“My Hero”

Our Bahamas expedition was a great success—truly an experience that reaffirms why we do what we do as researchers.  The 5-day trip was a productive research trip, but also a really powerful and moving experience, thus I have named this entry after the Foo Fighters’ “My Hero.”

Off the west end of Freeport, Grand Bahama Island, we teamed up with Jim Abernethy’s Scuba Adventures for a tagging and ecotourism expedition to the famed Tiger Beach and its surrounding reefs.

Austin, Christine, and Neil on the Bahamas Expedition.

The main goal of the expedition was to place as many satellite tags as possible on tiger, bull and hammerhead sharks. For the first two days, we set our drumlines and began catching various species. After the first day, we had put out 11 satellite tags, on sharks that ranged from 9-12 feet. We also satellite tagged a 13.5 ft female tiger shark, which was the largest of the species we have ever tagged! After seeing an animal that size up close, it brings a new meaning to the phrase “super predator.”

All of the tiger sharks tagged were female, and all were released quickly, swimming off in great condition. We also put out a satellite tag on each a bull and a great hammerhead. The next day, more tags were deployed, bringing our total to 16 satellite tags deployed in just two days! We are so anxious to see where these animals go—but more importantly, to figure out how it relates to their biological life history (ie. Do they follow patterns? Do they have specific breeding grounds? If so, do they congregate?, etc.). In the end, we hope the data will reveal important findings needed to effectively manage important shark areas such as the Bahamas.

I am also incredibly excited to report that both Dr. Hammerschlag and myself got the worst shark burn of our lives. It was more like 3rd degree shark burn. (For those of you that don’t know, shark burn occurs when you rub against a shark’s dermal denticles, essentially affecting the skin like rubbing it against sandpaper would.) It’s all worth it, though! Skin grows back eventually, and in RJD we wear shark burn with pride as a showing of our gratefulness for getting to work with these amazing animals.

The group of photographers and shark enthusiasts on board were extremely helpful and excited to participate in our research. After exhausting our supply of satellite tags, the next logistical thing to do was to go diving with the sharks.

Neil up close with a female tiger shark at Tiger Beach. Click to enlarge.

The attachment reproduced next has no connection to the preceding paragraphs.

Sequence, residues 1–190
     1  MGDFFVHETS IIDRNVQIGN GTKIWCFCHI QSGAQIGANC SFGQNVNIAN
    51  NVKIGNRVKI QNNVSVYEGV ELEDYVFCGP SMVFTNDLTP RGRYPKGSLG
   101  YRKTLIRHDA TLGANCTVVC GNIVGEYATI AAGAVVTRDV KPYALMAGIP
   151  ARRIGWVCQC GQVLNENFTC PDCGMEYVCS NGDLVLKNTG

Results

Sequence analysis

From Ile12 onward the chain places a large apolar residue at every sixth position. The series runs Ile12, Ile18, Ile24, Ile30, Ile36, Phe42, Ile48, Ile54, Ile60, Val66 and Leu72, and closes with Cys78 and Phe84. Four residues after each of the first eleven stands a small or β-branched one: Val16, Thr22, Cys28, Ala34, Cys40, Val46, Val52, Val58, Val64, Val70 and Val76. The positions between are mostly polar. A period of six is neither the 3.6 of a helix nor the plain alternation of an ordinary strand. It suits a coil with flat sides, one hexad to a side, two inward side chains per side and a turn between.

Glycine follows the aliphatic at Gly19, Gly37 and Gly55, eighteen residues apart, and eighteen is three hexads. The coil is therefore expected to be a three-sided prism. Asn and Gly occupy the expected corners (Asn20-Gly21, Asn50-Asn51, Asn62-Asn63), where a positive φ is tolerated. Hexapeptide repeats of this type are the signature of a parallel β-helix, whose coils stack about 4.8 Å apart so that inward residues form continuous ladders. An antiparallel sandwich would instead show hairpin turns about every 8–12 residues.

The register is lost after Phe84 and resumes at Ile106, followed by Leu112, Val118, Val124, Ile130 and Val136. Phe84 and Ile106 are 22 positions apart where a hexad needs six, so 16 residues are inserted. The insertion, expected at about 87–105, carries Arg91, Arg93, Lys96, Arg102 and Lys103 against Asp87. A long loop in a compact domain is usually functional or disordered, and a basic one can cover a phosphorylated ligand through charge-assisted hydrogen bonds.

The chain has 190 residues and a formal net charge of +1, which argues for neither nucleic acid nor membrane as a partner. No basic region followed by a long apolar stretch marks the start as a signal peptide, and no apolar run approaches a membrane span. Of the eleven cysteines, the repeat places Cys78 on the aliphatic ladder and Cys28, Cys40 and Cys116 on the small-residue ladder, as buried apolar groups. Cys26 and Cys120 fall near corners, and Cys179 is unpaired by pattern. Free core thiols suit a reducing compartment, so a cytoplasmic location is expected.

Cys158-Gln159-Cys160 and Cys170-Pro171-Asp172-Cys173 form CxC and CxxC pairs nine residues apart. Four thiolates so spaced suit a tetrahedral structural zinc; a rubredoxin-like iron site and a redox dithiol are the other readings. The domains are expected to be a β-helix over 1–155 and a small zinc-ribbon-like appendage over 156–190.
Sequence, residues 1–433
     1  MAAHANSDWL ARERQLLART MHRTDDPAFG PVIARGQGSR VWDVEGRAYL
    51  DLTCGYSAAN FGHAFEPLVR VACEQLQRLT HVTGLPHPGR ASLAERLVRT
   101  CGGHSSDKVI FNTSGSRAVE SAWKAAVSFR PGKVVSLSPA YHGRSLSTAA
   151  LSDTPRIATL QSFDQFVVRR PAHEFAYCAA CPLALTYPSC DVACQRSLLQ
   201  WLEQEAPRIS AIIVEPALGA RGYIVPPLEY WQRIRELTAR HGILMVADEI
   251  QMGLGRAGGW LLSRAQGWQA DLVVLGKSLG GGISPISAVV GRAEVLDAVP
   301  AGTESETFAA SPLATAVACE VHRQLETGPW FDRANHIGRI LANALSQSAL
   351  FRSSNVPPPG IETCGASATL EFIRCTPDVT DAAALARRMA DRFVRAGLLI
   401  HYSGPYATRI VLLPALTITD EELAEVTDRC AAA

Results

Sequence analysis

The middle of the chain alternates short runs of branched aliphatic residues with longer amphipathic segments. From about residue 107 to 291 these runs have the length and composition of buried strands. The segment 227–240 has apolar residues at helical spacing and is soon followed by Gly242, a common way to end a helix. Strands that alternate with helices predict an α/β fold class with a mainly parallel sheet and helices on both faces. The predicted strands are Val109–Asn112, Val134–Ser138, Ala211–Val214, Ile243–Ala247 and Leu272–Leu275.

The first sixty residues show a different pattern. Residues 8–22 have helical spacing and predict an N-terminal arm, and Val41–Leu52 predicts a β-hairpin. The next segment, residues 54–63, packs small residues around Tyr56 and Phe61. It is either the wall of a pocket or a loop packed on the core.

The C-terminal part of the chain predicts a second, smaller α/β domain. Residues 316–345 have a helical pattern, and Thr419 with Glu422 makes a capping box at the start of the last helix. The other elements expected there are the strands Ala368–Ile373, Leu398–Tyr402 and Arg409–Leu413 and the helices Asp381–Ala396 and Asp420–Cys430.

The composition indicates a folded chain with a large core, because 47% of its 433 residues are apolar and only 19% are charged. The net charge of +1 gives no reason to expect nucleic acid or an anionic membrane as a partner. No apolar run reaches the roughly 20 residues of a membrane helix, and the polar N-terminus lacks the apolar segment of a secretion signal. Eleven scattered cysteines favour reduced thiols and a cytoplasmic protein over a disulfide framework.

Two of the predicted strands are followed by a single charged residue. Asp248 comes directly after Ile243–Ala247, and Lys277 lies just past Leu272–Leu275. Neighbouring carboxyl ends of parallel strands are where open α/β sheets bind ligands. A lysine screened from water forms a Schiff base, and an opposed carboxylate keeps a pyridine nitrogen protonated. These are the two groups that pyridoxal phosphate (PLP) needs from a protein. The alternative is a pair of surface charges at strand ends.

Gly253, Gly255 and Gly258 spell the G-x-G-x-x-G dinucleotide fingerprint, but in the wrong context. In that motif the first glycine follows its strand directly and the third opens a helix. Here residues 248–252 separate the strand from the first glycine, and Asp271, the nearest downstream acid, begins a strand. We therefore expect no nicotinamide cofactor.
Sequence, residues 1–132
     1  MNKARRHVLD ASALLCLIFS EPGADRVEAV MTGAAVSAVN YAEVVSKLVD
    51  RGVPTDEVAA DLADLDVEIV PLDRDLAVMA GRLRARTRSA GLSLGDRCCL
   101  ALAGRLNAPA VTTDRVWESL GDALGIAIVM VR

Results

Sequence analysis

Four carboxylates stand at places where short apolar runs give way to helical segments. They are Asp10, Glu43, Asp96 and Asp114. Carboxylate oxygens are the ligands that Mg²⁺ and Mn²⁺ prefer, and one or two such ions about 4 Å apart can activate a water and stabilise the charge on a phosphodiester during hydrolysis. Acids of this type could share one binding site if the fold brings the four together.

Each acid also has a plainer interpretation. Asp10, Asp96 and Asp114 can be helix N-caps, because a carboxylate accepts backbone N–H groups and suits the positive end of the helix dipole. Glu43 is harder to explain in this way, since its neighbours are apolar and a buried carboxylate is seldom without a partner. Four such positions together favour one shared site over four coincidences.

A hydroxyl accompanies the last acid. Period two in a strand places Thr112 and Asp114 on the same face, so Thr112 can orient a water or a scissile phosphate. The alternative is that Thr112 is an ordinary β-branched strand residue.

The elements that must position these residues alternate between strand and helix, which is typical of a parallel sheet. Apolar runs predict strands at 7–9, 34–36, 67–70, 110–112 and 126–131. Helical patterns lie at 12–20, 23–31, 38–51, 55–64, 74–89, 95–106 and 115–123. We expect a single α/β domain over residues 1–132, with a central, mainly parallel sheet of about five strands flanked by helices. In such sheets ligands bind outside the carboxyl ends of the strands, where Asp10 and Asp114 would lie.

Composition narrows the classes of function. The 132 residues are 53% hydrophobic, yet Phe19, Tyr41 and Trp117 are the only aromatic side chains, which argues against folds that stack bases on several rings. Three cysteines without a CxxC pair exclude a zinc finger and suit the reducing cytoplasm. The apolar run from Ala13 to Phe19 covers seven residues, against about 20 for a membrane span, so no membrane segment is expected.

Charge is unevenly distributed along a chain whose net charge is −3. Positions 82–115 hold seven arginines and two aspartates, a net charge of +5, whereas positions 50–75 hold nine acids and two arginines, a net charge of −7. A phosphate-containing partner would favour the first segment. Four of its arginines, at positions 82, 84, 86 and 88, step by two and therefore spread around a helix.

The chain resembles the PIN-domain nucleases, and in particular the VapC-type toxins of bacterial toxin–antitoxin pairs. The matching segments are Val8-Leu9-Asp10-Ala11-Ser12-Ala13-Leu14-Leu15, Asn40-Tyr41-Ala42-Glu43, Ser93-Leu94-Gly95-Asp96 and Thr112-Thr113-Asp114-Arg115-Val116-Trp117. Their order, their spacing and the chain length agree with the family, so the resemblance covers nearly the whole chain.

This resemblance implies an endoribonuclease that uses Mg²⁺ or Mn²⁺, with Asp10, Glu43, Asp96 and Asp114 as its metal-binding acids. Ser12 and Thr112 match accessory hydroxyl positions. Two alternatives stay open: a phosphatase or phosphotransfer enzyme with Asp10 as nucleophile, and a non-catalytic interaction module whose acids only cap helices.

It’s one thing to tag and release large sharks, but it is also important to spend time with the animals in their natural habitat. We were lucky to do just that—Jim Abernethy’s local knowledge and experience diving with large sharks was a key asset to the expedition. Our first day of diving had us at about 30 feet on a reef with 50-60 Caribbean reef sharks—we also spent time with 2 tigers and 1 bull on this dive. The rest of our dives were at Tiger Beach—a large sandy flat of 15 feet, which provides unbelievable viewing and photo opportunities for lemon and tiger sharks.

A mature lemon shark at Tiger Beach (Photo: Austin Gallagher). Click to enlarge.

After a few more relaxed dives at Tiger Beach, we dropped in for our final dive on the sandy flat. Our group was greeted by 12 tiger sharks, all of which were around 10-12 feet long. On these dives, communication is key among dive buddies. It was truly surreal to spend time with the animals you study up close. Besides being stunning to observe, the tigers are amazing because they seem to “know” they are tigers…they swim with a sense of authority and grace you would expect from an apex predator. When you make eye contact with them (which is really important), its like you can actually see them thinking, calculating, and planning their next move. Shark ecotourism is an incredibly important driver of shark conservation, and I cannot stress how important spending time in the water with sharks really is. It was the perfect ending to the trip.

This is my hero. (Photo: Austin Gallagher). Click to enlarge.

Coming up the dive ladder for the last time, I knew we had connected to the sharks of the Bahamas in many ways. We will be watching and monitoring them as they live their lives—lives filled with many risks and threats. While we are indeed hoping to bring forward new data for their protection, it is the sharks that are the heroes to us.

“There goes my hero, watch her as she goes…”


-Austin Gallagher, RJD Shark Research Assistant

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